Review: The Boy Who Drew Monsters


Title: The Boy Who Drew Monsters

Author: Keith Donohue

Publisher: Picador

Publication Date: October 7, 2014

Goodreads / Author’s website / Author’s twitter

So I actually read this book ages ago and just got too busy to write a review. But I genuinely loved it and wanted to give it a nice shout out, so here we are! Especially because this is one of the few “adult” books I’ve read recently.

A brief run-down from the author’s website:

Ever since he nearly drowned in the ocean three years earlier, ten-year-old Jack Peter Keenan has been deathly afraid to venture outdoors. Refusing to leave his home in a small coastal town in Maine, Jack Peter spends his time drawing monsters. When those drawings take on a life of their own, no one is safe from the terror they inspire. His mother, Holly, begins to hear strange sounds in the night coming from the ocean, and she seeks answers from the local Catholic priest and his Japanese housekeeper, who fill her head with stories of shipwrecks and ghosts. His father, Tim, wanders the beach, frantically searching for a strange apparition running wild in the dunes. And the boy’s only friend, Nick, becomes helplessly entangled in the eerie power of the drawings. While those around Jack Peter are haunted by what they think they see, only he knows the truth behind the frightful occurrences as the outside world encroaches upon them all.

It’s rare that there’s a book that genuinely terrifies me. But the images that Donohue paints – the monsters in the dark, and in the light as well – left me tempted to sleep with the light on, just for a rough approximation at comfort. Donohue’s writing style is descriptive and ocean-like – something about it made me feel like I was floating along the waves, watching the story play out on the shore. Yet there are these juxtaposed moments of intense action, violence, passion, etc., that kick-started my adrenaline and kept me from falling into too much of a pattern.

It’s also rare for me to find a book where the “plot twist” is actually any kind of twist at all. Usually, it’s more like a half-hearted flip-flop. That being said, I couldn’t believe the ending of this book. The last chapter completely threw me for a loop, and everything fell into place, and I hated myself for not seeing it coming – but you know what? I never would have seen it coming, even had I known that, oh yeah, there’s going to be a major surprise here. So applause to Keith Donohue for that.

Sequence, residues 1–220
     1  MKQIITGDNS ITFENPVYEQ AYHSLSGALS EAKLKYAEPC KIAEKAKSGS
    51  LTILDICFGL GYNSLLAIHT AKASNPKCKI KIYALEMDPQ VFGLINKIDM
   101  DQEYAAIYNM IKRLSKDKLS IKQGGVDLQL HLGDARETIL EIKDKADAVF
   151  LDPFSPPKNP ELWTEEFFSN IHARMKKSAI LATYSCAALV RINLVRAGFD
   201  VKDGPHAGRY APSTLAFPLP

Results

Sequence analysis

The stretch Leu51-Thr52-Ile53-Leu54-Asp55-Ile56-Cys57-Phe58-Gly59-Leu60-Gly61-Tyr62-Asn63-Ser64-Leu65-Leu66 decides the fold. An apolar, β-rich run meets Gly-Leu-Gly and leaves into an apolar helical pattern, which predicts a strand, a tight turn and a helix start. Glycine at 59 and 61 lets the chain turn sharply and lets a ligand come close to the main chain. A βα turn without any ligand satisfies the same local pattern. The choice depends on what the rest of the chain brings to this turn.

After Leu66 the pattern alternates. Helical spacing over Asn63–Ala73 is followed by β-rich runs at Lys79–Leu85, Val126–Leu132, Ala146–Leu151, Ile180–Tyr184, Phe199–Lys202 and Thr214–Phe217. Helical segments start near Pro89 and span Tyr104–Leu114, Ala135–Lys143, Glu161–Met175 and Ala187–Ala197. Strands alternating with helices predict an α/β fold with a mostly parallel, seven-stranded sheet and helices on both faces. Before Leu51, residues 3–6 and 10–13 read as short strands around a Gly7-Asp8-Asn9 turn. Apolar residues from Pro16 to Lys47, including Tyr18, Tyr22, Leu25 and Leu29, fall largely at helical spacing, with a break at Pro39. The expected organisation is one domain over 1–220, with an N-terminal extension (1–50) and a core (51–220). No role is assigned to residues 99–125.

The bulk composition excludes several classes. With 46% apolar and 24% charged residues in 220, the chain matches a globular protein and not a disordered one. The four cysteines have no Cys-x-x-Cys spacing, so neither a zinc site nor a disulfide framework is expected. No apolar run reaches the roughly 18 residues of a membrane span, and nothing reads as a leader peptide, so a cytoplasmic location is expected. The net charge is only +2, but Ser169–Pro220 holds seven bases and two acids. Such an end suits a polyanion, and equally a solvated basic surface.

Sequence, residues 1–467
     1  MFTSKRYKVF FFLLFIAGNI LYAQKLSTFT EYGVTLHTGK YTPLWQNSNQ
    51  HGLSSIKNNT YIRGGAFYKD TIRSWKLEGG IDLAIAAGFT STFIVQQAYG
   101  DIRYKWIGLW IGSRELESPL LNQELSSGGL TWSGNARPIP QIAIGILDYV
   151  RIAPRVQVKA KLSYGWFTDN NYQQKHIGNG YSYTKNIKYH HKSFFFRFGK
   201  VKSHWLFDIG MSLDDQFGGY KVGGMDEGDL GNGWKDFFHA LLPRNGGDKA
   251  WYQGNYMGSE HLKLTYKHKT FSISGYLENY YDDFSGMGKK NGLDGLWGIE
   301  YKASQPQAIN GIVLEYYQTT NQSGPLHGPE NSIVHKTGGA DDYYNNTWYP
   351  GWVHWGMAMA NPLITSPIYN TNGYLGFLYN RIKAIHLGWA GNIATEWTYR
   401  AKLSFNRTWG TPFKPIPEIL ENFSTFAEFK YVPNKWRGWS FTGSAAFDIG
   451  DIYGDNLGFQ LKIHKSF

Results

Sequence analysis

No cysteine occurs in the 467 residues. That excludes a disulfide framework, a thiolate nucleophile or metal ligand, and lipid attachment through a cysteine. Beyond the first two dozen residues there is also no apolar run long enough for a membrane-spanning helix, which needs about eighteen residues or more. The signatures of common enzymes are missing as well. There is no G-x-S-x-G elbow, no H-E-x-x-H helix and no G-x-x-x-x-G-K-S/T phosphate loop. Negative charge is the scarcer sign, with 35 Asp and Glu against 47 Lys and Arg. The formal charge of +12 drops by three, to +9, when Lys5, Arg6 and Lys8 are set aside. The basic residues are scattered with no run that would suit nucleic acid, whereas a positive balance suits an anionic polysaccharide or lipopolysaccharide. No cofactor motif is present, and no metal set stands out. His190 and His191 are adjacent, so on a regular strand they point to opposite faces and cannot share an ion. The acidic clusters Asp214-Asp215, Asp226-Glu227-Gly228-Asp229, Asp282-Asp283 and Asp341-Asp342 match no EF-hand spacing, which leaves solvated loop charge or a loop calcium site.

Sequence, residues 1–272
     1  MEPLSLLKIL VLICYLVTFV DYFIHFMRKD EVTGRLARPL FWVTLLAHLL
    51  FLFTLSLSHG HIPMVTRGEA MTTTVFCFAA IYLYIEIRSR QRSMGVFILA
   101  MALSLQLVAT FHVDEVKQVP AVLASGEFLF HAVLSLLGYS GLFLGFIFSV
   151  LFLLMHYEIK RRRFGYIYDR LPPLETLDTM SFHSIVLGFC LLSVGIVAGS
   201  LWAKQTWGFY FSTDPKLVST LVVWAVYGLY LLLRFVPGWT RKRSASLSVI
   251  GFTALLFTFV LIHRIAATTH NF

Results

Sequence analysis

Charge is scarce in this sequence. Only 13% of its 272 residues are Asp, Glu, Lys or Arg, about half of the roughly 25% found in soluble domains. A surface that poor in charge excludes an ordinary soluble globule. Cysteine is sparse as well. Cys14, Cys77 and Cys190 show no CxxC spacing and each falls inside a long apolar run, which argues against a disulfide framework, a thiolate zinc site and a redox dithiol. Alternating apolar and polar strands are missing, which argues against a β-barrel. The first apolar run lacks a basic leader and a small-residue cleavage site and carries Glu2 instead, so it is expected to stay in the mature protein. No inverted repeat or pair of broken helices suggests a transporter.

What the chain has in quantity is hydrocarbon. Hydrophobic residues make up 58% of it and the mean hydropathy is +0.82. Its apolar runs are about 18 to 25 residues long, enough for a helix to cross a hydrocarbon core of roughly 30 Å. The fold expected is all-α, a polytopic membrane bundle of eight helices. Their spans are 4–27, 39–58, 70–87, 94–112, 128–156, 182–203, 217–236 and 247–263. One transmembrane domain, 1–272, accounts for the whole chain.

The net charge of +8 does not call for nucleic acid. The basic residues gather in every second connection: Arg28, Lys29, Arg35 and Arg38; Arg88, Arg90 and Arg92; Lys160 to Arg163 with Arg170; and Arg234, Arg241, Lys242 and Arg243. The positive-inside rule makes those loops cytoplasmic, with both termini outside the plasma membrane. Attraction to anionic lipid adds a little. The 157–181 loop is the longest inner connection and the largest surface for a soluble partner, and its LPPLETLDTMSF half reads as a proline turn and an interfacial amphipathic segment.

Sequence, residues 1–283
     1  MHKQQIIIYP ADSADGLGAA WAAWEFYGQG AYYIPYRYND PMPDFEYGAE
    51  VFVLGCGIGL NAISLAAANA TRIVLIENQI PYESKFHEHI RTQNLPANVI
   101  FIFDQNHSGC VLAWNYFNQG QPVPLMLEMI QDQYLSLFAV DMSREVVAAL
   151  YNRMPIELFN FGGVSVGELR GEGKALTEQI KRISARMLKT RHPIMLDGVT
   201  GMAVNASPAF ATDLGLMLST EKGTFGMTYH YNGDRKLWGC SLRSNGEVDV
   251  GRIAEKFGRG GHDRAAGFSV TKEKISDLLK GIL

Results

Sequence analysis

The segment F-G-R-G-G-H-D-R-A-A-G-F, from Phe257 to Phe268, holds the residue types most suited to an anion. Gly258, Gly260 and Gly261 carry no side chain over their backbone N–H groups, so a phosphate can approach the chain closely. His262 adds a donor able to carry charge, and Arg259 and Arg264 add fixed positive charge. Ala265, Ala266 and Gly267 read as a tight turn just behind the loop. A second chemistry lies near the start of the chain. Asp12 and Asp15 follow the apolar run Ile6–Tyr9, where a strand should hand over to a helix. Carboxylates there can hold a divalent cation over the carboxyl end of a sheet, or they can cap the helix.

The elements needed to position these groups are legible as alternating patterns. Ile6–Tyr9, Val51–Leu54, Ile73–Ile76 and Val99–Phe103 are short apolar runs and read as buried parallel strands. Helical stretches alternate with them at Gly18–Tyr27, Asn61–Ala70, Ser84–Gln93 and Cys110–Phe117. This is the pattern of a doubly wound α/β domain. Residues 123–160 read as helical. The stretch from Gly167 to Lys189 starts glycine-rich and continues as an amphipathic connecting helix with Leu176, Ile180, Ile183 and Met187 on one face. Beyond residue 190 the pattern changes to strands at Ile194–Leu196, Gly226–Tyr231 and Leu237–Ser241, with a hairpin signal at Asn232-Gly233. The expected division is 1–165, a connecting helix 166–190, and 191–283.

The only negatives I have to say are that there’s one plot line that doesn’t interest me in the slightest, and also, one of the main characters, Jack’s mother, is so unlikable that I wanted to repeatedly punch her in the face. And I don’t know that her unlike-ability was wholly intentional.

But overall, I immensely enjoyed this read. The Boy Who Drew Monsters is a story that is frightening not because it could happen to you – but because it might already be happening; not because it leaves questions unanswered – but because there are no answers to be had. Psychologically, this was one of the most compelling books I’ve read in years. This book will unsettle you, but if you’re like me, you’ll probably love it.

4 out of 5 stars.



Review: Alex As Well


Title: Alex As Well

Author: Alyssa Brugman

Publisher: Henry Holt & Co.

Publication date: January 20, 2015

Goodreads / Author’s website / Author’s twitter

These Australian authors are just killing it lately! The cover of Alex As Well caught my eye, so I read it in one sitting at the bookstore and then proceeded to buy it and bring it home so I can read it again later. It’s a book that deals with a subject I’ve never seen in YA fiction, so I was super happy to get my hands on it.

Before my review, a quick summary from the author’s website:

What do you do when everybody says you’re someone you’re not?

Alex wants change. Massive change. More radical than you could imagine.

Her mother is not happy, in fact she’s imploding. Her dad walked out.

Alex has turned vegetarian, ditched one school, enrolled in another, thrown out her clothes. And created a new identity. An identity that changes her world.

And Alex—the other Alex—has a lot to say about it.

Alex As Well is a confronting and heartfelt story of adolescent experience—of questioning identity, discovering sexuality, navigating friendships and finding a place to belong. Alex is a strong, vulnerable, confident, shy and determined character, one you will never forget.

Essentially, the heart of the story is that Alex, an Australian teenager, was born intersex and designated male by her parents. However, she’s realized that she’s really a girl, and her parents have trouble coming to terms with that. The story is told from Alex’s point of view, with interludes consisting of her mother’s posts on some kind of parenting forum.